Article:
The fact that CreditAmerica failed to volunteer information to the bankruptcy court or this court in the earlier appeal that CAMM had executed a quitclaim deed to it is not relevant to determining whether CreditAmerica was the real party in interest. The quitclaim deed itself was admitted into evidence at trial, and there was testimony about CreditAmerica and CAMM's intent regarding the deed. We therefore conclude that the district court did not abuse its discretion in refusing to admit at trial Peacock's allegations of CreditAmerica's omissions in prior proceedings.
Peacock also contends that the district court abused its discretion in refusing to allow her attorney to read into the record several documents that the court had already admitted into evidence. Peacock did not raise this issue to the district court, and we therefore do not consider it. See Thiele, 425 N.W.2d at 582.
b. Jury instructions
Peacock argues that the jury instructions at trial were erroneous. She first argues that the district court failed to submit jury instructions regarding "legal definitions of assignments or deeds" and the "face value presumptions of commercial documents." Peacock did not raise this argument to the district court, and we do not consider it here. See Thiele, 425 N.W.2d at 582.
Second, Peacock contends that the jury instructions regarding whether CreditAmerica was the real party in interest did not correctly state the applicable law. We will not reverse a district court's decision in selecting the language in jury instructions unless the instructions constituted an abuse of discretion. Alholm v. Wilt, 394 N.W.2d 488, 490 (Minn. 1986). Where instructions fairly and correctly state the applicable law, an appellate court will not grant a new trial. Alevizos v. Metropolitan Airports Comm'n, 452 N.W.2d 492, 501 (Minn. App. 1990), review denied (Minn. May 11, 1990).
The district court gave the following jury instruction:
An assignment of a contract for deed may be conditional or absolute. An assignment for collateral security does not constitute an absolute assignment. * * * * When determining if an assignment is conditional or absolute, you should take into consideration the intentions of the parties regarding the assignment, as shown by the evidence presented, including the testimony of the parties.
* * * The essential elements of delivery [of an executed deed] are (1) surrender of control of the deed by the grantor and (2) intent to convey title. Both elements are required in order to find that the deed was delivered. * * * * You may determine the intent of the parties from the evidence presented during the trial, including any testimony by the parties.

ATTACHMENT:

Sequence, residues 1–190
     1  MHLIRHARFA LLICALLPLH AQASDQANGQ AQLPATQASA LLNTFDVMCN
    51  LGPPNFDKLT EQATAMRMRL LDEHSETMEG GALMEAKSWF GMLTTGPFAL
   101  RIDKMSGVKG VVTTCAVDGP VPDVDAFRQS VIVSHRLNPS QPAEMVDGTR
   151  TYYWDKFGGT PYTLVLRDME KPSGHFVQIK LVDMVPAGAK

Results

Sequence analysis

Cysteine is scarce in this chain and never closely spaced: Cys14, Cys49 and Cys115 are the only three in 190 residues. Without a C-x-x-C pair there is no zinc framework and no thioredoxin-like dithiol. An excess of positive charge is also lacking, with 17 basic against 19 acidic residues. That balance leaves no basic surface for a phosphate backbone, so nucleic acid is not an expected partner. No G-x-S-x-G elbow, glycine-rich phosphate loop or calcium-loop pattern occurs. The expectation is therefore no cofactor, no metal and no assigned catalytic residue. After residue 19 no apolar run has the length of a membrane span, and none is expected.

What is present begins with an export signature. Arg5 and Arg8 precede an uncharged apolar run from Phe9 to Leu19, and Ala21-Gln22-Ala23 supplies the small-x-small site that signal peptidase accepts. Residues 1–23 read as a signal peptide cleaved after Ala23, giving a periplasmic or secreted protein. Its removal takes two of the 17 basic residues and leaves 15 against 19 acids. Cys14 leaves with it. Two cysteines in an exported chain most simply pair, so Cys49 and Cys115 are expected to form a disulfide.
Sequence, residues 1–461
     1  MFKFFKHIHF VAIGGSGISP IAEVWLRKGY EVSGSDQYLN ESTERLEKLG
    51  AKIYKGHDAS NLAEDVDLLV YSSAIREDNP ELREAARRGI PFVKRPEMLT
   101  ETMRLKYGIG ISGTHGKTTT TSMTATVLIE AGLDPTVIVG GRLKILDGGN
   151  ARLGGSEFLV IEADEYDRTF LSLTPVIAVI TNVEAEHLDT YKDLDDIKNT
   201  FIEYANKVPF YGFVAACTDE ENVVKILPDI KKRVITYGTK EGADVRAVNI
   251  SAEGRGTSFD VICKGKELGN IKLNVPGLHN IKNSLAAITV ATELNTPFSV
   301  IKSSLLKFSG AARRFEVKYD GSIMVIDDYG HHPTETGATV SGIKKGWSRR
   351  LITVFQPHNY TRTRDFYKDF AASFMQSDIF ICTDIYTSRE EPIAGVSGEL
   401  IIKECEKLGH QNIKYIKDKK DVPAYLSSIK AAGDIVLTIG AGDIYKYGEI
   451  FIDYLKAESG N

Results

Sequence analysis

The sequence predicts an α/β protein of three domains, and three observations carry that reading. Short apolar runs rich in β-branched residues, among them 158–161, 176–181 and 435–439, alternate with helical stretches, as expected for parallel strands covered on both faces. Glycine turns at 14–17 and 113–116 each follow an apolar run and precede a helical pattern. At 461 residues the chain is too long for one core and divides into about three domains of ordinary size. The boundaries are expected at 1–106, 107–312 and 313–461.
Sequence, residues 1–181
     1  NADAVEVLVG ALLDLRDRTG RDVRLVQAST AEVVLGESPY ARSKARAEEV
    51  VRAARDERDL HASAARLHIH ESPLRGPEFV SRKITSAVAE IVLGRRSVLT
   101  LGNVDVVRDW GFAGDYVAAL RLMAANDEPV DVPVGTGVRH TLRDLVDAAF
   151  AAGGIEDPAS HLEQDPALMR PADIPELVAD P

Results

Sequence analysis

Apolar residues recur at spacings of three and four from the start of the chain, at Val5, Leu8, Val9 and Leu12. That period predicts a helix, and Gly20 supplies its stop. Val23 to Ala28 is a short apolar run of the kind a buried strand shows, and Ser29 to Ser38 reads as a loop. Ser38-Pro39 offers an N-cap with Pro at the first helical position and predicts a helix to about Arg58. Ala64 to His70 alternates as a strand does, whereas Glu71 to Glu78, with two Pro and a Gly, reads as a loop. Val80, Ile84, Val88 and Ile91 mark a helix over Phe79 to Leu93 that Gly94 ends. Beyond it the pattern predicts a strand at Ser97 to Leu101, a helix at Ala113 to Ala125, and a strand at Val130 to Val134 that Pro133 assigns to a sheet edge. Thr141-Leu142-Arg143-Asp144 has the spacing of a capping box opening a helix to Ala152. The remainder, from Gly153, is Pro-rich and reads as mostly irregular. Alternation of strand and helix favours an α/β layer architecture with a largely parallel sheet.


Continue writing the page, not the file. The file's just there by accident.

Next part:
The jury instruction fairly and correctly stated the law regarding intent to deliver a deed. See Dereschuk v. Knudsen, 280 N.W.2d 42, 44 (Minn. 1979) (holding that assignment for collection only or for collateral security does not constitute an absolute assignment); Slawik v. Loseth, 207 Minn. 137, 290 N.W. 228, 229 (1940) (stating that essential "elements of delivery are the surrender of its control by the grantor, together with an intent to convey title thereby" (internal quotes omitted)). Peacock cites no support for her claim that "the assignment is absolute unless there is convincing evidence to the contrary," and we therefore do not consider the argument. See Schoepke, 290 Minn. at 519-20, 187 N.W.2d at 135.
Finally, Peacock argues that the district court should not have instructed the jury on the law of comparative fault because the court had dismissed her "negligence claims." But the district court dismissed only her insufficient notice and fraudulent misrepresentation claims against the Rices and CAMM. It is not clear to what claims Peacock refers; the only negligence she asserted was against Minnesota Realty and Mohler, which arose from her breach of fiduciary duty claim. The court did not dismiss that claim. Minnesota law provides that a district court
may, and when requested by any party shall, direct the jury to find separate special verdicts determining the amount of damages and the percentage of fault attributable to each party and the court shall then reduce the amount of damages in proportion to the amount of fault attributable to the person recovering.
Minn. Stat. § 604.01, subd. 1 (1996).
When two or more persons are jointly liable, contributions to awards shall be in proportion to the percentage of fault attributable to each, except that each is jointly and severally liable for the whole award.
Minn. Stat. § 604.02, subd. 1 (1996). Because the jury could find that Peacock herself was responsible for some of the damage she suffered, it was proper for the court to instruct the jury on comparative fault. Although Peacock argues that the jury instruction does not suggest that the jury could find Peacock to have had no fault, the special verdict form required the jury to find first that Peacock was negligent before it could assign a percentage of fault.
Peacock also contends that the comparative fault instruction creates an inconsistency between her justifiable reliance on the realtor's misrepresentation and her own negligence. Peacock did not argue this to the district court, and we do not consider it. See Thiele, 425 N.W.2d at 582.
4. Summary Judgment in Unlawful Detainer Action
Peacock argues that the district court erred in awarding summary judgment against her in the unlawful detainer action. In summary judgment appeals, we must determine whether genuine issues of material fact exist and whether the district court erred in applying the law. State by Cooper v. French, 460 N.W.2d 2, 4 (Minn. 1990). The evidence must be viewed "in the light most favorable to the party against whom judgment was granted." Fabio v. Bellomo, 504 N.W.2d 758, 761 (Minn. 1993).
Peacock asserts that a material fact question exists as to whether CreditAmerica was the party with the vendor's interest in the resort by virtue of the assignment of the contract for deed and whether the Rices, Minnesota Realty, and Alan Mohler were guilty of fraud in inducing her to enter into the contract for deed. In granting summary judgment against Peacock, the district court applied principles of collateral estoppel and res judicata. Collateral estoppel applies where